TABLE 2

TABLE 2

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Procedures and Complications

Eighty-one procedures were performed or attempted in the 78 cases of SVC syndrome. Procedures ranged from superior vena cava venograms and Port-a-Cath placements to bronchoscopy and coronary artery bypass grafting (Table 3). None of the 9 reported complications caused long-term morbidity or mortality, and the "complication" was an inability to finish the procedure in 5 cases.

TABLE 3

TABLE 3

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Treatment

Treatments for patients with benign etiologies differed drastically from treatments for patients with malignancies. Overall, 62% (29/47) of patients with malignancies received chemotherapy, either alone (n = 13, 28%) or combined with radiation (n = 16, 34%), including 22 of 36 patients with lung cancer, 5 of 6 with lymphoma, both patients with germ cell tumors, and 1 with thymic cancer. Radiation represented the lone treatment for an additional 8 patients with malignancies (17%), including 5 with lung cancer and 1 each with lymphoma, metastatic prostate cancer, and adenocarcinoma of unknown primary. Steroids were administered to 5 patients with lung cancer (as the sole treatment in 2, with chemotherapy and radiation in 2, and with radiation in 1). Only 6 patients (all with lung cancer) received long-term anticoagulation (3 in addition to chemotherapy and radiation, and 3 as the lone treatment). Four patients with lung cancer received comfort care measures with no additional therapies. One patient with lymphoma underwent thoracic surgery for lymph node resection and superior vena cava bypass grafting.

Most of the patients with intravascular devices presenting with SVC syndrome had the device removed (18/22, 82%). Two of the patients whose device was not removed received thrombolytics followed by long-term anticoagulation, 1 received only long-term anticoagulation, and 1 was simply observed. No further treatment was needed after removing the device in one-third of the patients (6/18). Six patients were treated with either anticoagulation (n = 3) or thrombolytics followed by anticoagulation (n = 3) after removal of the device. Venoplasty was performed after device removal in the remaining 6 patients (1 combined with thrombolytic treatment, 2 with long-term anticoagulation, and 2 before placement of an endovascular stent). Four of the 6 patients with fibrosing mediastinitis underwent venoplasty and stent placement, while 1 was treated only with anticoagulation, and 1 was observed until collaterals developed. The patients with pseudotumor and hematoma after surgery were treated with antibiotics and observation respectively, while anticoagulation was administered for treatment of the primary SVC thrombosis.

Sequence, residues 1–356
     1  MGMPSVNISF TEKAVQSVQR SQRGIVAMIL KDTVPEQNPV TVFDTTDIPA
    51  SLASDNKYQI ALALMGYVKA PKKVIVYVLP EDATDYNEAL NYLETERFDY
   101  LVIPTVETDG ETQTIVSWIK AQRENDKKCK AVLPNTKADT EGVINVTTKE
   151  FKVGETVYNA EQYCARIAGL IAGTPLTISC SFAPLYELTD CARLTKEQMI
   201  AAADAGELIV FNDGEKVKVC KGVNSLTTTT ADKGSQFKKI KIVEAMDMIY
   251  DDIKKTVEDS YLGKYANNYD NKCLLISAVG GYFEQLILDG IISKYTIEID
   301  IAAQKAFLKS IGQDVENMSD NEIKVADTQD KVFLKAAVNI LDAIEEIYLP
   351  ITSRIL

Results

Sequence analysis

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DISCUSSION

Analysis of 78 patients with SVC syndrome over 5 years revealed that malignancy was responsible for the syndrome in 60% of patients, while 40% had benign processes. Bronchogenic carcinoma was the most common malignant cause, while intravascular devices were responsible for the majority of benign etiologies. The most frequent symptom was facial and upper extremity swelling, occurring in almost all patients. Dilated collateral veins across the chest, however, were only present one-third of the time. Cough and dyspnea also occurred frequently, although more commonly in patients with malignancies.

Since the first description in 175713, the etiology of SVC syndrome has slowly evolved. In the early 20th century, cases of SVC syndrome were equally caused by aortic aneurysms and malignancies9,14. By the late 1900s, case series reported 80%-99% of cases being caused by thoracic malignancies, with bronchogenic carcinoma being the main etiology4,6,7,17,24,27,29,35. In our study, thoracic malignancy was the etiology in just over half of the cases of SVC syndrome, with bronchogenic carcinoma still being the most common. Despite previous reports that the majority of the bronchogenic carcinomas associated with the SVC syndrome were histologically small cell4-7,29,30,33, our results found non-small cell and small cell lung cancer to be about equally responsible, although a larger percentage of patients with small cell histology developed the SVC syndrome compared to those with non-small cell. The prevalence of SVC syndrome in patients with bronchogenic carcinoma has been reported to be 4%23, with up to 10% of patients with small cell carcinoma developing the syndrome30,33. We found similar results in our study.